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Outreach: anger and communication

Charlie*, a 14-year-old freshman, was an honors student, very sociable, and enjoyed playing sports. His teachers and coaches had only good things to say about him. Although Charlie’s parents enjoyed hearing these positive remarks, they wondered why Charlie seemed so different at home, spending most of the time in his room and arguing frequently with his family.

Charlie’s parents decided to schedule an appointment with a counselor to discuss these concerns. At Outreach Teen & Family Services, Charlie and his family met with counselor Kathleen Davies. Charlie said he disliked being at home because he often felt pressured by his parents to be “perfect.” He agreed with his parents that the arguments, occurring almost daily, were out of control, and everyone in the family agreed that they missed the fun family nights they used to have.

Davies helped the family explore methods of communication. “Arguing is not necessarily a bad thing,” she says. “It typically means that two or more people are trying to work out a disagreement. However, people often want to learn other ways of dealing with disagreements because arguments are mostly ineffective and have negative consequences such as loss of trust due to harmful comments.” When we argue, often our main goal is for our opinion to be heard, and so we shout louder without trying to listen or compromise.

Davies helped family members create their own lists of triggers or topics that typically increased their anger or frustration quickly. She also helped them to identify the ways in which they could individually recognize their anger and frustration. “No one is effective at communicating while angry or frustrated. During a discussion, it’s important to monitor your own emotions.”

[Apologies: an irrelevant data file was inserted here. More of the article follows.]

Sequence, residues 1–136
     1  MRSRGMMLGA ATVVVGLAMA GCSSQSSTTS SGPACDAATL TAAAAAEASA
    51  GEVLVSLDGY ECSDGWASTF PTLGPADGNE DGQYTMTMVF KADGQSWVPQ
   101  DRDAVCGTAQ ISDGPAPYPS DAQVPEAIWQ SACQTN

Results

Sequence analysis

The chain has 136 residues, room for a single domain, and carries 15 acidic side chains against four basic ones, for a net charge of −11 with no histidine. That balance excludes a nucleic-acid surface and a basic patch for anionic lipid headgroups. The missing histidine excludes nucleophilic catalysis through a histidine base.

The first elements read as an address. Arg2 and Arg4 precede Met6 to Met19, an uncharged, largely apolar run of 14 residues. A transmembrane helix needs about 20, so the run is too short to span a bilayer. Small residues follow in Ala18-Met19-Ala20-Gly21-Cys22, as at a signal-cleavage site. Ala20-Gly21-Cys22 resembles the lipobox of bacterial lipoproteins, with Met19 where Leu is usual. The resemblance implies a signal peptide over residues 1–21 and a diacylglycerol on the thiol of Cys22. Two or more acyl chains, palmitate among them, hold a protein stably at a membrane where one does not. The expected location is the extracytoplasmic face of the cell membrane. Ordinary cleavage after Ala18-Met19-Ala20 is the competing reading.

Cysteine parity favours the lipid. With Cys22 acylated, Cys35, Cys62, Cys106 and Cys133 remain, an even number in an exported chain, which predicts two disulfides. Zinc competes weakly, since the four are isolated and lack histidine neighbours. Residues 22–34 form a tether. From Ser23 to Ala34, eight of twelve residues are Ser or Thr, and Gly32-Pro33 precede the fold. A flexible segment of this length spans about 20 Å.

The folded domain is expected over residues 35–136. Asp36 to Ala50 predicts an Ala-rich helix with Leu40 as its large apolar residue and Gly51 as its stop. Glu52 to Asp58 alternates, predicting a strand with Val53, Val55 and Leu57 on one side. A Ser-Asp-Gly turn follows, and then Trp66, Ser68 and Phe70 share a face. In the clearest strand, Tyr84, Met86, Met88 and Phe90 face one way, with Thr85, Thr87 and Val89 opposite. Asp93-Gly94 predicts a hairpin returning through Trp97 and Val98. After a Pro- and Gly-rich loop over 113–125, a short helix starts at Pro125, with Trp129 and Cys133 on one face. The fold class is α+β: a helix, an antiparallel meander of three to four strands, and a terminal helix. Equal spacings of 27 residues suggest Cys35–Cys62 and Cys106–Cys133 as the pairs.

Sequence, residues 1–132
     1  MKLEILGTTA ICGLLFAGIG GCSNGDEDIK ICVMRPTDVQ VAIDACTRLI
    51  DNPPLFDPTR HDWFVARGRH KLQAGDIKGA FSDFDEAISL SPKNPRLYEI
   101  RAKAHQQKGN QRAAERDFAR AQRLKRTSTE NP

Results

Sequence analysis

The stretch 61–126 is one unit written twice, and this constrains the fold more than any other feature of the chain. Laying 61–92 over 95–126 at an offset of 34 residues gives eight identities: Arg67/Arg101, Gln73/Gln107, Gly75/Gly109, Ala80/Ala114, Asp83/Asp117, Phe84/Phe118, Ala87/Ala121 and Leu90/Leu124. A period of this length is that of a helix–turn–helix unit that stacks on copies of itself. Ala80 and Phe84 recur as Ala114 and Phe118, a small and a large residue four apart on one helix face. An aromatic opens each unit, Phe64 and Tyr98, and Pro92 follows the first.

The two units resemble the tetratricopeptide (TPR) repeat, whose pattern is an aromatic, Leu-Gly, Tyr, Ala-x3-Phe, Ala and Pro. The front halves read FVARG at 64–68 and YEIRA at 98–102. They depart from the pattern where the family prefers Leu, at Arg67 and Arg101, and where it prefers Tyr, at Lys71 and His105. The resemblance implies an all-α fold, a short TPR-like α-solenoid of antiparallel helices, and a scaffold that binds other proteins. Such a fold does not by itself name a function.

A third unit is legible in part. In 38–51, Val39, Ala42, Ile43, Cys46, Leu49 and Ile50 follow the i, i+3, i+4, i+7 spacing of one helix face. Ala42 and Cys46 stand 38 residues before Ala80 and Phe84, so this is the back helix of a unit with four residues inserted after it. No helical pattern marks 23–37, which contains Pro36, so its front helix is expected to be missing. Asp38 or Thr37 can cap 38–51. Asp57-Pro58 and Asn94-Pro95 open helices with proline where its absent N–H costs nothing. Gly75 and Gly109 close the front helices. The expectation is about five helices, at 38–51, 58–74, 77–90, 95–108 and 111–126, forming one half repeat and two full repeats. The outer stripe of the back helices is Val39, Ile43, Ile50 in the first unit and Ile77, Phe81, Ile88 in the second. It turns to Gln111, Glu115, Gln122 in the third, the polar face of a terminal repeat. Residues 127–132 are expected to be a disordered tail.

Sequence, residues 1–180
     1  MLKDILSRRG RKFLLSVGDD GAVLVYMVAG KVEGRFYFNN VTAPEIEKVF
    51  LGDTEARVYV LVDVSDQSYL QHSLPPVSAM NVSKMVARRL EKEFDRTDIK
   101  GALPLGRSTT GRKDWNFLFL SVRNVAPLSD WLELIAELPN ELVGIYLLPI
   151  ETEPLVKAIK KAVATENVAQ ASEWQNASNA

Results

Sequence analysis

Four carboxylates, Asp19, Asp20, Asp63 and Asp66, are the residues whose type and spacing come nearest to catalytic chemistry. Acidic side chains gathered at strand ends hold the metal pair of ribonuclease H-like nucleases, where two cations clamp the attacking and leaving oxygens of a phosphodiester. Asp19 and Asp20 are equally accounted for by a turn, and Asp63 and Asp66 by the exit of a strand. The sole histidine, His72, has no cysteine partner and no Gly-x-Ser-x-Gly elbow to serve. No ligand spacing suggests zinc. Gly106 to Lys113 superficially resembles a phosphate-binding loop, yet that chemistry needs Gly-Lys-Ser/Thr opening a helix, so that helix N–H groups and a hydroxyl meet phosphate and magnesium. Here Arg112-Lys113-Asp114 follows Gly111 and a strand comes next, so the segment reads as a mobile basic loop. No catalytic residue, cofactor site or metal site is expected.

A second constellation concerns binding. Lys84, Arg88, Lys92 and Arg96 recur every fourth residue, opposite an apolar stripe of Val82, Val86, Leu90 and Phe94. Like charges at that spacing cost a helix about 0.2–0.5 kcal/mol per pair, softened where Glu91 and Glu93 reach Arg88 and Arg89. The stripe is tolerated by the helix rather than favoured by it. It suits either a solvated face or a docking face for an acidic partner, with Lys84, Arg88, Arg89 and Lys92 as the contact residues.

If you feel you are becoming too upset to talk about the topic any longer, let the other person know this. Tell them you are too upset right now and you need some time alone.

“Pick another time to continue the conversation. You may need to attempt the conversation multiple times. This is OK; it is not a failure.”

Davies also explained that it’s OK to mess up.

“The most important thing is to admit your wrongdoing and apologize. Apologizing helps to reduce guilt and re-establish trust that may have been lost in the heat of the argument.”

With practice in session and at home, each family member learned effective communication techniques, including knowing when to walk away and how to use coping skills to reduce frustration. Charlie and his family reported spending more positive time together. Although they described their communication as “a work in progress,” they could all identify positive changes. “Communication is a skill that is never perfect for any of us,” Davies says. “It’s a skill that we all have to work on over the course of our lifespan.”

*Charlie represents a typical Outreach client. Details do not correspond with any specific case in order to protect client anonymity.

Outreach Teen & Family Services is a nonprofit, confidential counseling service. We offer counseling and educational programs to teens and parents that are affordable, accessible, and discreet; all within a welcoming, supportive environment. www.outreachteen.org [1].